Brazil and Fifa play down World Cup safety concerns
While the fire that caused 231 deaths in a night club in southern Brazil on Sunday has created unease over local safety standards, Brazilian officials are playing down concerns over the major sports events the country is about to host.
In the aftermath of the fire in the southern city of Santa Maria, doubts have been raised over whether local authorities have maintained effective oversight of some basic safety issues.
In particular, the high number of deaths is being blamed on the stampede as the blaze started, as many of the young clubbers tried and failed to escape through the one available exit.
But officials say the tragedy should not raise worries over preparations for the World Cup in 2014 and the Olympics in 2016.
Organisers say Brazil is used to large crowds at events and that the facilities and stadiums that will be used during these high-profile gatherings will have strict safety standards.
In a video released this Monday by the government's World Cup Committee, Brazilian Health Minister Alexandre Padilha said South America's largest country was ready to host the tournament, pointing towards its experience in organising the annual carnival celebrations.
Mr Padilha says at least three of the cities that will host World Cup matches - Rio de Janeiro, Salvador and Recife - attract up to 600,000 tourists during each carnival.
"So we already are very experienced on how to mount an emergency response," he said.
Sports Minister Aldo Rebelo told journalists: "Brazil is used to hosting major events with high standards of safety and organisation. One accident, no matter how horrible, will not change the country's global image."Security plan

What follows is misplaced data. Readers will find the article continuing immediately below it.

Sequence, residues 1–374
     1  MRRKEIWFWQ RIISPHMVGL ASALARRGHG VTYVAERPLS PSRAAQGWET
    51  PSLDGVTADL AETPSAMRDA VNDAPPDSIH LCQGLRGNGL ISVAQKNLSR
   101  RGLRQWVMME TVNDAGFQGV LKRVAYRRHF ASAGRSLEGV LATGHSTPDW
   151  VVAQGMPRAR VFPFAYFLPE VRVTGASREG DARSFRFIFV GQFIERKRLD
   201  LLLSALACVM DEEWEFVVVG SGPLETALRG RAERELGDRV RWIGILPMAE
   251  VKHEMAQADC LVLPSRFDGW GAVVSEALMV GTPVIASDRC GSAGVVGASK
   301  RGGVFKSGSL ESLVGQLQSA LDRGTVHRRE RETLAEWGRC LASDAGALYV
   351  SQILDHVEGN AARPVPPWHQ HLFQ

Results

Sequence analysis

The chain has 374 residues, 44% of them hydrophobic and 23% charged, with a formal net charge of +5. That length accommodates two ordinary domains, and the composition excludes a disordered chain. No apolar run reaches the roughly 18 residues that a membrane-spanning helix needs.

Fifa has also dismissed links between the tragedy in Santa Maria and concerns about the World Cup.
Speaking in Brazil, Fifa Secretary General Jerome Valcke said the fire in the night club "has nothing to do with the security in stadiums during the Confederations Cup [in June 2013] and the World Cup".
Mr Valcke had travelled to South America's largest country to join a ceremony that would mark 500 days to the main football event. The ceremony was postponed because of the fire.
The 12 stadiums that will host the World Cup games are either being built or refurbished. Fifa and the Brazilian government say they will be well-equipped and comfortable.
Brazilian officials also told the BBC that the government will soon announce a security plan for the World Cup. They said the plan has been prepared over many months and has no relation to the fire.
However, they believe the tragedy will "naturally add extra care" to the planning process.
They say the strategy will address not only issues such as crowds but also preventive measures relating to crimes or even terrorist attacks, something which is largely outside Brazil's experience.
The Brazilian Olympic Committee has not made any comment on concerns about the security standards at the event.High stakes
The fire in Santa Maria broke out as students were holding a freshers' ball.
Witnesses spoke of scenes of panic after the fire started, and a stampede as people tried to escape.
Officials are investigating claims that many of those who died were unable to escape as only one emergency exit was available.
A large number of victims were trapped in the club's toilets, possibly after mistaking them for an exit.
One of the owners of the club is reported to have confirmed that they were in the process of renewing its licence to operate, and that its fire safety certificate had expired last year.
Meanwhile, there have been a few incidents in recent years which might raise concerns specifically over sporting events.
In 2007, seven people died and 30 were injured in a stadium in Salvador in Bahia after part of the building's structure collapsed. They fell from a height of 20m.
The stadium is now being rebuilt and will host some of the World Cup matches. In 2000, in a stadium in Rio de Janeiro, 150 fans were injured when a fence fell during a stampede.
Authorities say, however, that the World Cup and the Olympic Games are high profile events that are being organised in a "special way".
They say the government is investing huge sums on both events, hoping to improve the country's global image.
With so much at stake they are determined that it should all go to plan.